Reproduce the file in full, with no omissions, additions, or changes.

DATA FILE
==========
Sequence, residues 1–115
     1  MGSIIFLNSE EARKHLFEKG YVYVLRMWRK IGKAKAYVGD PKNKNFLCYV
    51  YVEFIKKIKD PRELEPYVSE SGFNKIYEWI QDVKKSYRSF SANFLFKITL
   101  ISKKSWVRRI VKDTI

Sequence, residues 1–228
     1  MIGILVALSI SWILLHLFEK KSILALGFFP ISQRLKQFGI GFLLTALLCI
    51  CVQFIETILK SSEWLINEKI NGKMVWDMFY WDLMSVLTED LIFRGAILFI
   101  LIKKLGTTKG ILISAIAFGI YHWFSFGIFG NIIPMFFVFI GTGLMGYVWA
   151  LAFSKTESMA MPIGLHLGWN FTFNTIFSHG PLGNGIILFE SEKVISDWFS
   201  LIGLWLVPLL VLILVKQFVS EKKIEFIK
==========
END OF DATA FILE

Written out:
Sequence, residues 1–115
     1  MGSIIFLNSE EARKHLFEKG YVYVLRMWRK IGKAKAYVGD PKNKNFLCYV
    51  YVEFIKKIKD PRELEPYVSE SGFNKIYEWI QDVKKSYRSF SANFLFKITL
   101  ISKKSWVRRI VKDTI

Sequence, residues 1–228
     1  MIGILVALSI SWILLHLFEK KSILALGFFP ISQRLKQFGI GFLLTALLCI
    51  CVQFIETILK SSEWLINEKI NGKMVWDMFY WDLMSVLTED LIFRGAILFI
   101  LIKKLGTTKG ILISAIAFGI YHWFSFGIFG NIIPMFFVFI GTGLMGYVWA
   151  LAFSKTESMA MPIGLHLGWN FTFNTIFSHG PLGNGIILFE SEKVISDWFS
   201  LIGLWLVPLL VLILVKQFVS EKKIEFIK